Ford Prefect not hot stuff in cold
With my two years National service in the Royal Signals behind me and a new job in Leeds I felt rich enough to splash out on a car.I had picked up quite a bit of knowledge about cars from my dad who was always tinkering with one or another.
With my two years National service in the Royal Signals behind me and a new job in Leeds I felt rich enough to splash out on a car.
I had picked up quite a bit of knowledge about cars from my dad who was always tinkering with one or another. It was my dad who taught me to drive and, although he had never had to take a driving test, he managed to train me enough to pass mine first time!
He told me that when he went to get a job with a local builder he was asked if he could drive the lorry. He replied that he thought so and climbed aboard, drove it round the yard and so got the job. How different driving was in the 1920s.
The car I bought in 1959 was a Ford Prefect of 1953 vintage. It had leather upholstery, a small vase stuck inside the front windscreen for decorative flowers and cost �290.
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The battery was six volts and was not really man enough to turn the engine on a cold morning so a starting handle was supplied. I don't think the designers ever thought about cold weather because although the front windscreen could be opened to let in fresh air, and there were two small ventilator flaps like little letterboxes near your legs, there was no heater. I bought a heater as a kit. It consisted of a metal plate which bolted on the radiator, a length of flexible tube to carry 'warm' air into the saloon and a fan to help move the air along. More heat was generated in installing the kit than ever it gave me in service.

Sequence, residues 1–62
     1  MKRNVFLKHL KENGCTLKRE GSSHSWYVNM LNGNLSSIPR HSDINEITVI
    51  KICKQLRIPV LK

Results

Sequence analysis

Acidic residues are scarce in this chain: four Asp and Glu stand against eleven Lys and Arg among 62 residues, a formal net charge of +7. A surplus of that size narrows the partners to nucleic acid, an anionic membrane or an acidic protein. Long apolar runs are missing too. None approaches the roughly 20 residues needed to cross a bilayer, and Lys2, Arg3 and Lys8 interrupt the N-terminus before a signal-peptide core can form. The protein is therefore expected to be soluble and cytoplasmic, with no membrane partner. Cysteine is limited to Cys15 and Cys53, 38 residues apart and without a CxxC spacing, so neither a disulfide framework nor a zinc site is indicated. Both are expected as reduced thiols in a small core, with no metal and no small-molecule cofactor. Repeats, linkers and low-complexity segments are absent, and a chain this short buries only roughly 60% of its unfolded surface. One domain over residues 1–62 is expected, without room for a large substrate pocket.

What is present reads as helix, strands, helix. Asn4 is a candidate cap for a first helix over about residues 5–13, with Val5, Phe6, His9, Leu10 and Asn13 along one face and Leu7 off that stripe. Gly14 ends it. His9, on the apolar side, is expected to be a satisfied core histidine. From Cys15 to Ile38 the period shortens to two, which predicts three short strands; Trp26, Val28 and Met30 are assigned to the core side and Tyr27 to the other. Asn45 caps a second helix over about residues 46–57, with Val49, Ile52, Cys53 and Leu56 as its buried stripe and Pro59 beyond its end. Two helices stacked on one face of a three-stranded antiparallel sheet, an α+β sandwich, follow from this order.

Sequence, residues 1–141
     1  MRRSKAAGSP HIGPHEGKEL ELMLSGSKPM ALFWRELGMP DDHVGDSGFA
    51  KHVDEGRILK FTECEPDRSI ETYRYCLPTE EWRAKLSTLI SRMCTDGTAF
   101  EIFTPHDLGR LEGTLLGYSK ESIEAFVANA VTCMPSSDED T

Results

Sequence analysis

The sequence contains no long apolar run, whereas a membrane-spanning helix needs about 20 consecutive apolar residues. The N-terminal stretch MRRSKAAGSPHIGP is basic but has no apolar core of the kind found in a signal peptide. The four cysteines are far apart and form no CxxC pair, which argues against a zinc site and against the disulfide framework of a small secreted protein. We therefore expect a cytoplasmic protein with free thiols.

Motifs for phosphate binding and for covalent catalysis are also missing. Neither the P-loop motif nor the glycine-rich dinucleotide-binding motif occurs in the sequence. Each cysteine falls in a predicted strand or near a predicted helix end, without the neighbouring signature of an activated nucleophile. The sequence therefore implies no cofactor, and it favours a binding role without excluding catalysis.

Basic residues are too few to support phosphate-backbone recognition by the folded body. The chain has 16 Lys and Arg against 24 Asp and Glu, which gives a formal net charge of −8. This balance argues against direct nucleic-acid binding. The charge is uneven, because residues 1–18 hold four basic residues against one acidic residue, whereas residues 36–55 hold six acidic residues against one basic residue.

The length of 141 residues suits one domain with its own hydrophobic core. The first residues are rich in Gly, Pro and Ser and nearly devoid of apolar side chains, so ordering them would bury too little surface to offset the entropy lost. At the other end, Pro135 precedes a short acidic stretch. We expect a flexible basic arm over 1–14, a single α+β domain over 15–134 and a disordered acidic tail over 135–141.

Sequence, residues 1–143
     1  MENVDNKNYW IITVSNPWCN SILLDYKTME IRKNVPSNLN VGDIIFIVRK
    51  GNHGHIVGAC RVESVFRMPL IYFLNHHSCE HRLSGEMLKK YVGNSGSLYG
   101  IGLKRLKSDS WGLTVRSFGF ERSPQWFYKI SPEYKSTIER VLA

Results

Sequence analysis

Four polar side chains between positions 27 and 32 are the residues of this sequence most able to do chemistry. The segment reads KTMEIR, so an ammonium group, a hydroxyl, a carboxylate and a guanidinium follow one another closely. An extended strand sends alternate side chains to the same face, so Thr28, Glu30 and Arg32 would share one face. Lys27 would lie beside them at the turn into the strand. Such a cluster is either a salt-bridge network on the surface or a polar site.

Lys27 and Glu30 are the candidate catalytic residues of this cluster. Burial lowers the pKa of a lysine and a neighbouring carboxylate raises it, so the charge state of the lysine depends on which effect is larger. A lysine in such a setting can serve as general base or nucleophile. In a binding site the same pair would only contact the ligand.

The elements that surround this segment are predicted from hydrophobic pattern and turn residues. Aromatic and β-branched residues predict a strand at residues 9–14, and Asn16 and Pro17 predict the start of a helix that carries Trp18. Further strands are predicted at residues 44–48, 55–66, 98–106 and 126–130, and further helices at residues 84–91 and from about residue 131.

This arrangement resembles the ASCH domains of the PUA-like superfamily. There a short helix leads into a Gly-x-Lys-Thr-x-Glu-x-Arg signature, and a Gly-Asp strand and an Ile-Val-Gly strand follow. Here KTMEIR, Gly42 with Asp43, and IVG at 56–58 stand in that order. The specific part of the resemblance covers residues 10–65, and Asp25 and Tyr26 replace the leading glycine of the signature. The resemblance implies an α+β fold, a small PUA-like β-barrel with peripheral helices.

The car was fitted with semaphore direction indicators but again the inadequacy of the six-volt supply was apparent. A smart blow with a fist on the door column was needed to help the solenoid in the indicator to lift the arm.
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With my pal, Trevor - shown in the picture - a camping tour of Scotland was undertaken and it became apparent that the boot was not really big enough to hold all the kit. In fact, it hardly held anything so most of our gear was stored on the back seat. The clutch did not like to move the car up hills so the passenger had to get out and push.
A new engine was fitted later for �36. The steering was also improved after I had fitted new king pins.
The Prefect was a good motor as a first car but the 1958 Morris Oxford (Series III) which I replaced it with was on a higher plane, but it did cost �445 in 1962.
Bernard Ambrose, Little Melton, Norwich.
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